import { Button } from "react-bootstrap";

    export default function Login() {
      const { loginWithRedirect } = useAuth0();
      return (
        <Button
          id="btnLogin"
          className="btn margin"
          onClick={() => loginWithRedirect()}
          variant="primary"
        >
          Upload Music
        </Button>
      );
    }
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components/logout-button.js

    import { useAuth0 } from "@auth0/auth0-react";
    import { Button } from "react-bootstrap";

    export default function Logout() {
      const { logout } = useAuth0();
      return (
        <Button
          id="btnLogin"
          className="btn margin"
          onClick={() => logout()}
          variant="danger"
        >
          Logout
        </Button>
      );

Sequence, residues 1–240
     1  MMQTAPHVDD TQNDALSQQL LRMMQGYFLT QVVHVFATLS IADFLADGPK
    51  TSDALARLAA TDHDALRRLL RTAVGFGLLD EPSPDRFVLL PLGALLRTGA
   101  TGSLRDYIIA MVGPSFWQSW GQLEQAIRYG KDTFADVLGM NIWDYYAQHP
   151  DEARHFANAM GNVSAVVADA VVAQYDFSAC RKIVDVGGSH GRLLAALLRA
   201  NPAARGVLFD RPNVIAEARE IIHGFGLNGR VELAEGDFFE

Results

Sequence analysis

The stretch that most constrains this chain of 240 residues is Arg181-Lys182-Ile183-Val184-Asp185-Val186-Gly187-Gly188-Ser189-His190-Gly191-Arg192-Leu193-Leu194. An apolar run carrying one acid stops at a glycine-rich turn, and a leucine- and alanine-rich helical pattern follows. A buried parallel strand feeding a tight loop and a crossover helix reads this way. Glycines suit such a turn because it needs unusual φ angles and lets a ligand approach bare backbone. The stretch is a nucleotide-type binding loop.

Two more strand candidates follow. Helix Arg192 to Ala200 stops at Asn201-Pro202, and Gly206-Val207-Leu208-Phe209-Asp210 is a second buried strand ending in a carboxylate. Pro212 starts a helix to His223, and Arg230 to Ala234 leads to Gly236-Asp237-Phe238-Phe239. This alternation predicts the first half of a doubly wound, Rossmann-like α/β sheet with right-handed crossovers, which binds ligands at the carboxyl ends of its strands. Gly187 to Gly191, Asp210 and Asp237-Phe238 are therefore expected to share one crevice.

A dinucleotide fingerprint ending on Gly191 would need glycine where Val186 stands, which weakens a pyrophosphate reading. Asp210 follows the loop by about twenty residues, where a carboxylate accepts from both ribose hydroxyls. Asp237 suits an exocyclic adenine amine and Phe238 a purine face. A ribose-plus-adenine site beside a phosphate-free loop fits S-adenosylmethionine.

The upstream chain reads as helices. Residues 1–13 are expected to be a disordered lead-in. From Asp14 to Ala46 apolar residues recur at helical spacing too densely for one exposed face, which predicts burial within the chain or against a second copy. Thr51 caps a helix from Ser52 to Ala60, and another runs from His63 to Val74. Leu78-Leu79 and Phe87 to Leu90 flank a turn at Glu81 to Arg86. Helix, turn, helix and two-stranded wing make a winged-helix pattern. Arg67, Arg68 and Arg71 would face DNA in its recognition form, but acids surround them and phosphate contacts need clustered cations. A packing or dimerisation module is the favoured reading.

}
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Then inside components/loading.js

    import "../src/styles.css";
    export default function Loading() {
      return <div className="spinner"></div>;
    }
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We may proceed to import the login and logout component inside header.js file created earlier as shown below:

    import { useState, useEffect } from "react";
    import { Button } from "react-bootstrap";

    import { useAuth0 } from "@auth0/auth0-react";
    import Login from "../components/login-button";
    import Logout from "../components/logout-button";

    export default function Header() {
      const { isAuthenticated } = useAuth0();

      return (
        <div className="d-flex flex-column flex-md-row align-items-center p-3 px-md-4 mb-3 bg-white border-bottom shadow-sm">
             {/*  */}
          {isAuthenticated ? (
            <>
              <div>
                <Button
                  id="btnUpload"
                  className="btn margin"
                  variant="primary"
                >
                  Upload Song
                </Button>
                &nbsp;&nbsp;
                <Logout />
              </div>
            </>
          ) : (